For citizens shaken by the tumultuous effects of the Great Depression, the Hoover Dam project provided two essentials that were in short supply: work and housing. At the project’s start, those who were lucky enough to be hired on as laborers were forced to hunker down, families and all, in a dry and barren spot called Ragtown. Ila Clements-Davey, the daughter of a dam worker, recalls the place: “There was just nothing. There was no facility. Nothing. There was nothing green around here. Everything was baked, hot, and brown.”
By 1932, however, dam workers’ living conditions improved as Boulder City, located on a broad ridge above Hemenway Wash, neared completion. Boulder City was essentially a government reservation, constructed under the jurisdiction of the Reclamation Service. It had large dormitories for single men, and one-, two-, and three-room cottages for families. An enormous mess hall served 6000 meals a day. Every week, 12 tons of fruit and vegetables were shipped in along with five tons of meat and two-and-a-half tons of eggs. For $1.50 a day, a man received three square, all-you-can-eat meals. As the construction project wore on, Boulder City expanded. Its landscape was said to have changed so rapidly that it was common for a man to come home after his shift and walk into the wrong house.
Despite providing the valued comforts of shelter and sustenance, there was no mistaking Boulder City for anything less than a fortified camp. The security gate at its entrance, erected during a period of labor unrest in 1931, was there to remind all who entered that there were rules to be followed. Banned was any hint of the gambling, drinking, or prostitution that flourished down the highway in Las Vegas.
Overseeing the operation of this model town was a 69-year-old former newspaper editor and Justice Department employee named Sims Ely. Ely possessed all legal, moral, and judicial power in Boulder City. He was both known and feared as an “iron-fisted gentleman.” Boulder City resident Mary Ann Merrill remembered Ely as “a hard man.” “I guess he was fair in a lot of ways, but he had his own ideas and he put them into practice. And you had to go by his rules. He thought of it as his town,” Merrill went on to say.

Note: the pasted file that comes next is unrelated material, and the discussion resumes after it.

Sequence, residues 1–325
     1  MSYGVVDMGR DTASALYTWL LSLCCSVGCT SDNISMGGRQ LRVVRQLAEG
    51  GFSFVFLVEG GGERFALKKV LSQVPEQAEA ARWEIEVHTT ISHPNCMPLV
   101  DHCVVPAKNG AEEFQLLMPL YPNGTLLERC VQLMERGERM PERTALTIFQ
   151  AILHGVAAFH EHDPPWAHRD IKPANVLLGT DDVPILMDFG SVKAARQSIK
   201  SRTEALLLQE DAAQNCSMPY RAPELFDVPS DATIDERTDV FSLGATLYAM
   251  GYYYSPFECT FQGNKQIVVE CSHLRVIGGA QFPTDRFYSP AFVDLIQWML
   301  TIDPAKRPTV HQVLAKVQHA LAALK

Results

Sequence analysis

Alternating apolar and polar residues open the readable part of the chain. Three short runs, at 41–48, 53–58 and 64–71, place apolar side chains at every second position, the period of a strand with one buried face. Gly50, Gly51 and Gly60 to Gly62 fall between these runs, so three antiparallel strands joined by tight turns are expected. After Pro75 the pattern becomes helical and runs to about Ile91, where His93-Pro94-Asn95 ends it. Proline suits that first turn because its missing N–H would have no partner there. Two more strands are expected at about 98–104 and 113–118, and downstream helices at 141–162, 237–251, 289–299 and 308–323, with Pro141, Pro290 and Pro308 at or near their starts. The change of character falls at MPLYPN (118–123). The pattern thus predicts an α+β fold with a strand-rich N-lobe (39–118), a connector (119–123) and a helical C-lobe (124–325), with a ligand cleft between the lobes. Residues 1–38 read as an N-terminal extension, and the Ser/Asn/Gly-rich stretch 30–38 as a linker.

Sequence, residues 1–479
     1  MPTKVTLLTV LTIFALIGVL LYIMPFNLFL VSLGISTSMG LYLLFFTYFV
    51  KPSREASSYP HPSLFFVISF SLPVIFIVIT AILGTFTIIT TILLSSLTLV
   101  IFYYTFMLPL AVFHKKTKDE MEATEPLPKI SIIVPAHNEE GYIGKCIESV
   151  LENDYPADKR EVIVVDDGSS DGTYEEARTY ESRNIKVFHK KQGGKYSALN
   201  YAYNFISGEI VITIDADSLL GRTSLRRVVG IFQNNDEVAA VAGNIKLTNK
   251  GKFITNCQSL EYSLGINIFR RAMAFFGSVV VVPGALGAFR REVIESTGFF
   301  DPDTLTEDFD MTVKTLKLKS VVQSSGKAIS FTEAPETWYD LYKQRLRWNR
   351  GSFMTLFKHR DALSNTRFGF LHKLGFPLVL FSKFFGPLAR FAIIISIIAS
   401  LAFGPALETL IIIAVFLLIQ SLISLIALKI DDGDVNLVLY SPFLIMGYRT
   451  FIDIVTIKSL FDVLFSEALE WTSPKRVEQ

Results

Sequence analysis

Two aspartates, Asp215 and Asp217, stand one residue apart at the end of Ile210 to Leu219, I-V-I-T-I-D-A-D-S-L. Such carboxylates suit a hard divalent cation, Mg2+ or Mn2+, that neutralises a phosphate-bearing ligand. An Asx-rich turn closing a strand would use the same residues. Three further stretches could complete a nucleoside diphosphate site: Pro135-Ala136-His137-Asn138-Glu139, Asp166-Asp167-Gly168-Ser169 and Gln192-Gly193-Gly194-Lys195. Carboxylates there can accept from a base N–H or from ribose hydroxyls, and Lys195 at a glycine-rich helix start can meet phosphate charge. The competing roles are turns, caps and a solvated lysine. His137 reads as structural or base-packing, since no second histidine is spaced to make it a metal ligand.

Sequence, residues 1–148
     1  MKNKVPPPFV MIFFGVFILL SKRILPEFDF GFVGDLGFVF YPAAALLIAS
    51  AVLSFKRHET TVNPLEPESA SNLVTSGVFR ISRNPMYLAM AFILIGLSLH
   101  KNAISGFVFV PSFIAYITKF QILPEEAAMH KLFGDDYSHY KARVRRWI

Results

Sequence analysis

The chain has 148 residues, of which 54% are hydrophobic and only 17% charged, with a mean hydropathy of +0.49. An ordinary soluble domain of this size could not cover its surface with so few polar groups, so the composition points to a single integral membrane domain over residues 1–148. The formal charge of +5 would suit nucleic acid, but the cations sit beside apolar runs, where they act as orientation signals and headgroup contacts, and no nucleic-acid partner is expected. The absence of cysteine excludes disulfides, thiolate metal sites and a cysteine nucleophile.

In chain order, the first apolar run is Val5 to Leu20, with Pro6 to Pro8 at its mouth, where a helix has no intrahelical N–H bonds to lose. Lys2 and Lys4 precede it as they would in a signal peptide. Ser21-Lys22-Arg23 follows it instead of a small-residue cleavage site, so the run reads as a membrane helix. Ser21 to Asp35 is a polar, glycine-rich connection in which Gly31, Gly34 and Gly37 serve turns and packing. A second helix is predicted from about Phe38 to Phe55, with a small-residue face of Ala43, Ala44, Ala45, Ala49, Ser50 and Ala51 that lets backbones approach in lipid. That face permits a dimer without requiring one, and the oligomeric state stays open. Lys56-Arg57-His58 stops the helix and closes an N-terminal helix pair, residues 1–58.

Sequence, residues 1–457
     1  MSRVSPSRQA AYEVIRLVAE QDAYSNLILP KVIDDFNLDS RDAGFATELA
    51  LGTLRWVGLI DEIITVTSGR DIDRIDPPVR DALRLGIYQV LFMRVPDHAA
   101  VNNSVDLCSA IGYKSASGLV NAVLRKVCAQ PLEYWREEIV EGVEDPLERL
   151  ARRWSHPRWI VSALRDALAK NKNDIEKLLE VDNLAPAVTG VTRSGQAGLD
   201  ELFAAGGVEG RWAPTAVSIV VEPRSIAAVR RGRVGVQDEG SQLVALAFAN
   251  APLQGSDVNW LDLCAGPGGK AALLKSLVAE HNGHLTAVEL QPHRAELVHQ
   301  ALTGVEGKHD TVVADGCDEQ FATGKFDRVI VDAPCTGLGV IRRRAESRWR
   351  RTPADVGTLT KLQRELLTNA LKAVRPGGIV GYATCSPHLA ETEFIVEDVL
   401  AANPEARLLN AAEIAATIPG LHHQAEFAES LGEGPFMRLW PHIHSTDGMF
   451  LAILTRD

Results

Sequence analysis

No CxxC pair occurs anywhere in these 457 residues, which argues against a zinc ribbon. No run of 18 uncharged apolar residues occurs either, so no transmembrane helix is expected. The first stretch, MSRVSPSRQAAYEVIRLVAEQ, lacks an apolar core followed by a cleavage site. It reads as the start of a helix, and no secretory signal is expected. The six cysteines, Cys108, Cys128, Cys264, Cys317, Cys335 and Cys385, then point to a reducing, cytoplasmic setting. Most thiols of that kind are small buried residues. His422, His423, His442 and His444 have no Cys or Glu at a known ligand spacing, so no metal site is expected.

While Boulder City provided plenty of order, it lacked any formal education system or adequate health care. The U.S. government provided no funds to set up schools within the town, and the small amount of money donated by Six Companies was only enough to set up makeshift schoolhouses. Six Companies did underwrite a hospital, which opened in 1932, but it provided care only for dam workers. Their spouses and children were left to fend for themselves. Such exclusion was not unheard of in Boulder City. Despite the emergence of an interdependent civic life, complete with a library and church, Boulder City’s sense of community excluded minorities. African American, Native American, and Hispanic dam workers were not allowed to live within the gates of this makeshift desert oasis.
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